This PhD study focuses on developing recommendations for Higher Education Institutions and government bodies on how to adopt equitable practices for Early Childhood students.
This research looks at how a highly qualified education sector improves the lives of children, in particular those from low socio-economic backgrounds - and aims to make recommendations for academic staff on how to adopt equitable practices for all students.
Froebel began training teachers in 1833 and this legacy continued by his students on a global scale resulting in the training of 5000 women by 1908 (Ailwood, 2007; Liebschner, 1992; May, 1997; Read, 2013; Weston, 2008; Wiebe, 1896).
This legacy continues the drive to improve qualifications for those working in Early Childhood, often referred to as ‘professionalising the workforce’ (Colmer, 2017; Dalli, Miller, and Urban, 2012; Lightfoot and Frost, 2015; Osgood, 2010; Tucker, 2004).
A highly qualified education sector improves the lives of children, in particular those from low socio-economic backgrounds (Dalli et al., 2012; Penn, 2014).
Save the Children (2018) recently published findings of a decline in individuals undertaking undergraduate education courses, resulting in a shortage of 11,000 early years teachers. The Office for Students reports disparities in progression and pass rates for students who enter Higher Education Institution’s with Vocational Qualifications (OfS, 2018; 2019).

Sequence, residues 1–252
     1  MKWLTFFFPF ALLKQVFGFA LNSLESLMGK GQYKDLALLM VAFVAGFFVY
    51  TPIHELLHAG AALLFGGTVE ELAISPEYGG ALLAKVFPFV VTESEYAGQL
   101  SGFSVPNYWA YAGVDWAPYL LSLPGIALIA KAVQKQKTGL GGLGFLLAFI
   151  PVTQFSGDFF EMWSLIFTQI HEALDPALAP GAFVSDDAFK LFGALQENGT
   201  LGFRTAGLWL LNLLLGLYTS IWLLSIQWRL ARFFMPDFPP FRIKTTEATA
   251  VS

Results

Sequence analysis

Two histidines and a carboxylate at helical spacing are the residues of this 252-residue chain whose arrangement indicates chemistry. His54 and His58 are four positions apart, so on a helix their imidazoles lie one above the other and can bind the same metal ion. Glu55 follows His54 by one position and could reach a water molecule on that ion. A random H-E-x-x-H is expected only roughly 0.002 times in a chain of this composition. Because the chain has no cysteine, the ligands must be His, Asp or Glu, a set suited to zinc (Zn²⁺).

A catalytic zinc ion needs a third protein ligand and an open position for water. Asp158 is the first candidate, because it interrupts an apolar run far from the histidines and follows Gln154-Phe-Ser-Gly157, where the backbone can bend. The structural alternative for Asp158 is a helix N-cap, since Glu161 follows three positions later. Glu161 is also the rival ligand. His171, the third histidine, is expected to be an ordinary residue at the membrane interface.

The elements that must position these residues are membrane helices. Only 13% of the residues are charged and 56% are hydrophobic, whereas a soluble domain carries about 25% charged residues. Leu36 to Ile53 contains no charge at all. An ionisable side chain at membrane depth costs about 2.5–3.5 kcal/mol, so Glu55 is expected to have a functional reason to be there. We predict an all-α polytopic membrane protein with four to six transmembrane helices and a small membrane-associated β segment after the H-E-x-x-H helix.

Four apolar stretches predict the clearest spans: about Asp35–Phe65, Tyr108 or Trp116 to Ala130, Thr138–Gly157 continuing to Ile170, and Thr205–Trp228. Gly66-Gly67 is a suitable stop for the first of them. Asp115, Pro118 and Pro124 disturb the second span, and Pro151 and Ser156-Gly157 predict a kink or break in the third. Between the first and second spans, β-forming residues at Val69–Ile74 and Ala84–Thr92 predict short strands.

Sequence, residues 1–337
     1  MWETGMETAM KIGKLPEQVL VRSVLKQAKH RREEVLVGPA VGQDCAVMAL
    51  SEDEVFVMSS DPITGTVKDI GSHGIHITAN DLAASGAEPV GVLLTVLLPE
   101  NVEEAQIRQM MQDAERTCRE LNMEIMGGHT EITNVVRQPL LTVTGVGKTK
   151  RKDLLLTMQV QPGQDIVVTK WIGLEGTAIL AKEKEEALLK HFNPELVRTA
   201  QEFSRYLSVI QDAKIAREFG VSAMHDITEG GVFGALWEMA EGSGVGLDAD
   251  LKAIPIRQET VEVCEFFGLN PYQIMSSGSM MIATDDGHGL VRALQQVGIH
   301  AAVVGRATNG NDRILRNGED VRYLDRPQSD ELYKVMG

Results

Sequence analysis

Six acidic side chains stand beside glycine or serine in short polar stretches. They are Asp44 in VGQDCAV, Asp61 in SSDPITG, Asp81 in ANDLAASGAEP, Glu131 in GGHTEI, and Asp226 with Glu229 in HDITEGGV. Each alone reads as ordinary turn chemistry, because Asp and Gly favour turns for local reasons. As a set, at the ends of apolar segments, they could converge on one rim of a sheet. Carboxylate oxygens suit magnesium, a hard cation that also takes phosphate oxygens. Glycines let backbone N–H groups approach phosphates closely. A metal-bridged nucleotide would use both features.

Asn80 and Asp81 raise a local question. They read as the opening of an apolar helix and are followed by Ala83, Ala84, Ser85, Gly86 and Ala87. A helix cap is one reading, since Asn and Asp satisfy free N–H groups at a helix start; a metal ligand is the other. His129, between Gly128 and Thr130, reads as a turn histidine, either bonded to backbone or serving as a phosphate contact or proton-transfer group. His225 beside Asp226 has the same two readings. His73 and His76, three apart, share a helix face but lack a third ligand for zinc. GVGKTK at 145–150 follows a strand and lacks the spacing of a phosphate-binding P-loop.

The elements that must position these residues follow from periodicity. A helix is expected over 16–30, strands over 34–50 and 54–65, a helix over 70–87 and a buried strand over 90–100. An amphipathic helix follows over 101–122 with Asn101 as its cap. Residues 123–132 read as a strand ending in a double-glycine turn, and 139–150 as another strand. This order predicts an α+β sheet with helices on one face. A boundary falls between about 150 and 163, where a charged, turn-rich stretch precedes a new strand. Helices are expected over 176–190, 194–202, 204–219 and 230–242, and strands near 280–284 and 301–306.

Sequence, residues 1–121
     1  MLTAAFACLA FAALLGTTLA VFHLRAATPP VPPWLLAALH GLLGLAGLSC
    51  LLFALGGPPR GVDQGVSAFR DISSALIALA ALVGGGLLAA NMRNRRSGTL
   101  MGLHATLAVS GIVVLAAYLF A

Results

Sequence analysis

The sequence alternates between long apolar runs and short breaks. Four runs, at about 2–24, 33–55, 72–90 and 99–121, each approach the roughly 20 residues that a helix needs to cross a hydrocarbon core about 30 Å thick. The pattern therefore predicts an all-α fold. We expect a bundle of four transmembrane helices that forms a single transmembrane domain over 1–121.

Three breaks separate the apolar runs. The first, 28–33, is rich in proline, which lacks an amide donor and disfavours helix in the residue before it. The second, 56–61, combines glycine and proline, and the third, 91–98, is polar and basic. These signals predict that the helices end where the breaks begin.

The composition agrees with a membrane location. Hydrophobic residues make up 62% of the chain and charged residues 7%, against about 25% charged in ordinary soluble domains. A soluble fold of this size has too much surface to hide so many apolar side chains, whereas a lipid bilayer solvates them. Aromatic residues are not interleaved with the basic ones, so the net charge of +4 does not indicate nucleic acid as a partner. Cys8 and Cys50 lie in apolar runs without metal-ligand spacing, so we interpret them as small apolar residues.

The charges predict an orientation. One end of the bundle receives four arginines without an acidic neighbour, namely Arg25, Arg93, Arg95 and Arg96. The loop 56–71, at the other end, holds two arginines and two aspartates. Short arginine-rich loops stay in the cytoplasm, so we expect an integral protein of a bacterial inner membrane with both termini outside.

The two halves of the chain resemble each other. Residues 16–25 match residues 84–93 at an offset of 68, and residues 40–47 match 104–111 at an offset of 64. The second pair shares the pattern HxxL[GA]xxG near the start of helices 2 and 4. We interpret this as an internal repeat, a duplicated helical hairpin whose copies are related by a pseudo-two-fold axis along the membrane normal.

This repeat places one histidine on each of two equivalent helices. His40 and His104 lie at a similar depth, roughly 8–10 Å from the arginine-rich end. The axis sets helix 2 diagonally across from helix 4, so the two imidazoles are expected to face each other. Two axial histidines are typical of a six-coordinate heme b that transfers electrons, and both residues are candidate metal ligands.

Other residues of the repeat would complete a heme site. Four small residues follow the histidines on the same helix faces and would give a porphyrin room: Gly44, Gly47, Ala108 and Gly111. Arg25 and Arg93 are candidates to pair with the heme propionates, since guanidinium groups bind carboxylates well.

Adopting a paradigm of Critical Education Research (Hyland, 2010 & Cohen et al., 2018) and building on previous work undertaken at Masters Level, this thesis gathers the perspectives of undergraduate students on their academic experiences and how they feel Higher Education Institutions can effectively support them to achieve the outcomes they desire.
Applying a mixed methods approach to a paradigm of Critical
Educational Research (Habermas, 1972), students and academic staff from five Higher Education Institutions in England will be recruited for this
study; data will be elected through questionnaires and focus group
A final report is expected in 2023 and will be published here.